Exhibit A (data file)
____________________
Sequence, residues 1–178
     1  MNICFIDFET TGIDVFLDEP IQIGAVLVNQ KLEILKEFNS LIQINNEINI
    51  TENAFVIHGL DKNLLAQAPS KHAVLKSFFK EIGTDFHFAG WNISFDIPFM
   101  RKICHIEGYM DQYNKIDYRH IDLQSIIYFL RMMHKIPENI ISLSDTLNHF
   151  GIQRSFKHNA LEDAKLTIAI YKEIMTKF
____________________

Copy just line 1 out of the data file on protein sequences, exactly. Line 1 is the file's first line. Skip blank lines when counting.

Sequence, residues 1–178